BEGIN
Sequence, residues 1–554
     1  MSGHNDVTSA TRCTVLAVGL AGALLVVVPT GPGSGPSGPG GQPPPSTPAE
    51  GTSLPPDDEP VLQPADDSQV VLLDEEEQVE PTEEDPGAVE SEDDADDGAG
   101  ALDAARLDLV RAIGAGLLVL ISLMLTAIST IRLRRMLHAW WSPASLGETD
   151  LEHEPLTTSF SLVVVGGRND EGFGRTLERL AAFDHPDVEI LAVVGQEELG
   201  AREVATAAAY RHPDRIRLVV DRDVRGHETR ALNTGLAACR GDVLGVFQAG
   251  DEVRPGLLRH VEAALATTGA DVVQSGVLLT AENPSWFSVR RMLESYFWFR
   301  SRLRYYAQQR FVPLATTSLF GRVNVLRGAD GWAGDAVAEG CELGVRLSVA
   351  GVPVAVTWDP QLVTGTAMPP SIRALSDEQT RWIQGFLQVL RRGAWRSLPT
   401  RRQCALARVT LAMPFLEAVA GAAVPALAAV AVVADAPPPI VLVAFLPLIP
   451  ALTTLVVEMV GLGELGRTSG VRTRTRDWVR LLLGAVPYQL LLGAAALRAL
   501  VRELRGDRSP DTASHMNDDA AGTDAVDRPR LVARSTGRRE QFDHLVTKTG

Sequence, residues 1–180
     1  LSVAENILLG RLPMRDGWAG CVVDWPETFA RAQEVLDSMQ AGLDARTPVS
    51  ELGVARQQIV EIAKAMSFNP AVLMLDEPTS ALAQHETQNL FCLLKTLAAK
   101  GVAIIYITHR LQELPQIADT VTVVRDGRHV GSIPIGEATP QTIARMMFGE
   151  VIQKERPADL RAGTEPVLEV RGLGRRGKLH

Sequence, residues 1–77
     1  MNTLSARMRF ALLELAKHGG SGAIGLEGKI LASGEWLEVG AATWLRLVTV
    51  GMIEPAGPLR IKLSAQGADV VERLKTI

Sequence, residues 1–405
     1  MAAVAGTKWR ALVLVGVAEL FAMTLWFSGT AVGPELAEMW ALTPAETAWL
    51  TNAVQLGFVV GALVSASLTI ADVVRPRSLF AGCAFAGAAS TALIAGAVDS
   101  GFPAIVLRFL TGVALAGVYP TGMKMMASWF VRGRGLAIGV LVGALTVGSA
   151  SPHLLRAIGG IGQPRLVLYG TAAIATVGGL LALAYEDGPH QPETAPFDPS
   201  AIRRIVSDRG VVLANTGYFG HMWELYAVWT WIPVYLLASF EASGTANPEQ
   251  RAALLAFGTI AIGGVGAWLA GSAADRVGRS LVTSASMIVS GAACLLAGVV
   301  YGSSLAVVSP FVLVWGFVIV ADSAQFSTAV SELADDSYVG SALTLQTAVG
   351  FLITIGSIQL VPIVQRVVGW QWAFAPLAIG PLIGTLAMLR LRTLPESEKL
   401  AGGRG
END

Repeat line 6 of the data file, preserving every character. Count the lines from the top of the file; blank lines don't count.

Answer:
   201  AREVATAAAY RHPDRIRLVV DRDVRGHETR ALNTGLAACR GDVLGVFQAG